What Does Archival Quality Mean?

Archival quality paper stays in its original state for years. It’s often understood to be a type of acid-free paper that’s incredibly durable. The paper is often used for journals and artwork that has longterm value. Typically, a paper supplier will indicate on the box if the paper is archival quality or not. To be considered official archival paper, it will need to meet standards from the American National Standards Institute (ANSI).

Paper Choices

Though you always want to use archival quality paper, you can still choose the paper’s brightness, finish and weight. As such, you’ll have the freedom to find the paper that meets your needs exactly. When you’re choosing paper, consider these factors to get a type that works best with your prints:

  • Finish: With paper, you get three types of finish: matte, glossy and semi-gloss. These types of finishes each offer their own unique advantages. For example, matte paper is perfect for prints that will be held under glass since matte paper doesn’t show any reflection. In contrast, glossy prints have a reflective coating that provides greater protection for them, making them more ideal for prints that aren’t going to be behind glass. As you pick your paper, do some research into the three finishes.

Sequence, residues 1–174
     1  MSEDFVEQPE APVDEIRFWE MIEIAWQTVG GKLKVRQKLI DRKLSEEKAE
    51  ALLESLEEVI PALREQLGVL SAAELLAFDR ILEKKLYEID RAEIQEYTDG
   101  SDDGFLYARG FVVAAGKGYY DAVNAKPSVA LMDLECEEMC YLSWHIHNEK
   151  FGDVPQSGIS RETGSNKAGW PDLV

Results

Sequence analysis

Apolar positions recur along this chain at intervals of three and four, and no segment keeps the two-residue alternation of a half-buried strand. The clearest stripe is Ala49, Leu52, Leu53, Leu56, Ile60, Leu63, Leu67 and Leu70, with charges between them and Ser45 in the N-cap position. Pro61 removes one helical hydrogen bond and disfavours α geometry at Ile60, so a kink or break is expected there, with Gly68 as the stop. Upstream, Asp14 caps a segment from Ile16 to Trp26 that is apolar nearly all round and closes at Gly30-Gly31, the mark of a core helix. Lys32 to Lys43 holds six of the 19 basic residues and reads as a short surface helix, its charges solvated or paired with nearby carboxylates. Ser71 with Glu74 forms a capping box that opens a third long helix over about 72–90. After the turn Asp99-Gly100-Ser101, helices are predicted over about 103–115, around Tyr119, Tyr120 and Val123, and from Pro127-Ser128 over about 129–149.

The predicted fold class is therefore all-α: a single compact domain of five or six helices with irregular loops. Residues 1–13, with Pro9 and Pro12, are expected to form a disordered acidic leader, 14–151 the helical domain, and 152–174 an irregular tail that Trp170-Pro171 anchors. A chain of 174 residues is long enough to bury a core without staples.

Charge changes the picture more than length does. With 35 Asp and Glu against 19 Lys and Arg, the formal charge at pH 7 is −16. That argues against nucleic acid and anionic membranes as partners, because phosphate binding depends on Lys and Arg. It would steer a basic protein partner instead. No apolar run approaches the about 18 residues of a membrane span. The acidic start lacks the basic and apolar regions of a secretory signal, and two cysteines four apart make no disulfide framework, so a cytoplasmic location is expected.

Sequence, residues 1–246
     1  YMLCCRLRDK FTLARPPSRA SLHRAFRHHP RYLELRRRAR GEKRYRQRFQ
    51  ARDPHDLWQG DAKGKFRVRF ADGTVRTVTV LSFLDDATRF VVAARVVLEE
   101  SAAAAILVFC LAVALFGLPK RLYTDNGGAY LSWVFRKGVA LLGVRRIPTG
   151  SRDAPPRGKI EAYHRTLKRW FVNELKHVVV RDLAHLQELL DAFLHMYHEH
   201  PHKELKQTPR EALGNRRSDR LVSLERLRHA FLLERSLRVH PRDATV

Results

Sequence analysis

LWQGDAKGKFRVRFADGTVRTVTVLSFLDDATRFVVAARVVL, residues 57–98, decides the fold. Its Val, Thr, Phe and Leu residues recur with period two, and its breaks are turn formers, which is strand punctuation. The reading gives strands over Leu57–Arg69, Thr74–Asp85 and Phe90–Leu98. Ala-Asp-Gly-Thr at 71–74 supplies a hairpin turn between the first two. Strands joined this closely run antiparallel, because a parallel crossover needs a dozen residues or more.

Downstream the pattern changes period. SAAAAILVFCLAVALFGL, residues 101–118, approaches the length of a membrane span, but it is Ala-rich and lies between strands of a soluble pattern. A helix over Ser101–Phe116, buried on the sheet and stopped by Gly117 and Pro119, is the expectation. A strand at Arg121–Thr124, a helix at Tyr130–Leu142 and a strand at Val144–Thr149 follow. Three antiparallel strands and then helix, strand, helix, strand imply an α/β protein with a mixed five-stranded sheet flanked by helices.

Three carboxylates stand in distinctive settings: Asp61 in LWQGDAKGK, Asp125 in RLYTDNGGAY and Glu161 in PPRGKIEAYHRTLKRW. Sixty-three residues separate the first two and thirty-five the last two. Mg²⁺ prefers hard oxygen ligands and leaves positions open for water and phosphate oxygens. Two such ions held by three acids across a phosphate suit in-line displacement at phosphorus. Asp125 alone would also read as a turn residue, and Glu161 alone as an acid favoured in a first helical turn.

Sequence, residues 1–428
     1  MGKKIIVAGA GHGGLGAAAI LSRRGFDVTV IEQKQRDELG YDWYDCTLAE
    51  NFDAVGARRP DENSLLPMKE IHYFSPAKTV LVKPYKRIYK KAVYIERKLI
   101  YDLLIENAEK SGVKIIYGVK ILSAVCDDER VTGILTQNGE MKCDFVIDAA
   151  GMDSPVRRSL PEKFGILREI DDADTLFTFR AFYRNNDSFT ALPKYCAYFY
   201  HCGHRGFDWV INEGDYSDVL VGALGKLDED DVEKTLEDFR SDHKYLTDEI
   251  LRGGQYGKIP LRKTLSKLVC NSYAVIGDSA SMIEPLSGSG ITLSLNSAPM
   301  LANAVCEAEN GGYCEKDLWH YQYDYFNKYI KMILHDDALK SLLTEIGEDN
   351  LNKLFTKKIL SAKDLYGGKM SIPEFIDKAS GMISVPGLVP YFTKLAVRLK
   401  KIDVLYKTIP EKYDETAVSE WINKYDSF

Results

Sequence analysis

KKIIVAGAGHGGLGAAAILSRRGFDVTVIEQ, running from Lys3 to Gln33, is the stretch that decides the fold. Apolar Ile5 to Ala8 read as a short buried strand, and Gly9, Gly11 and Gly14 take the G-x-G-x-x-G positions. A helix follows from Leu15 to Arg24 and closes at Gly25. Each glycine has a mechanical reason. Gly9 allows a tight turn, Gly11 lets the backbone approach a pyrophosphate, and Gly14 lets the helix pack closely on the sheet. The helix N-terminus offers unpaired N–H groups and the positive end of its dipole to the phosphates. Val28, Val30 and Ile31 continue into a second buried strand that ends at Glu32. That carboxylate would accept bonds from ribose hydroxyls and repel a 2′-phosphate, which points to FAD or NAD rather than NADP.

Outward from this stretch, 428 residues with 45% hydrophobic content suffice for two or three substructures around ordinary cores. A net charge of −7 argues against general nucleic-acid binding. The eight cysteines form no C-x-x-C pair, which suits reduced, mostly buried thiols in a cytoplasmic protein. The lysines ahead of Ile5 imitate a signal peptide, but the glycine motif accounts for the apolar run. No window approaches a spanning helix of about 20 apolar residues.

• Brightness: Though paper seems brights on its own, the brightness does range significantly. Typically, you’ll want to go with brighter paper for prints that have bold or bright colors. On the opposite end, you’ll want a paper that’s on the low end of the brightness scale when you print more subdued and light colors. If you have a mix of colors on your print, stick to paper with medium brightness.
  • Weight: People often prefer to use a thicker paper when they print giclee prints. The thicker paper helps with framing, while also cutting down on wrinkling or tearing. If you’re concerned about large scale images beginning to sag over time, you’ll want to go even thicker than you normally would for a giclee.

3. Ink and Printer

While standard inkjet printers use dye-based inks, giclee prints are made with pigment-based inks. Printers that produce giclee prints need to be 12 color inkjet printers. The 12 colors available with these printers gives them the ability to reproduce an image down to its every detail. As you look for an appropriate printer, just remember that the more cartridges, the better. With more ink cartridges, you can print in a more expansive color range.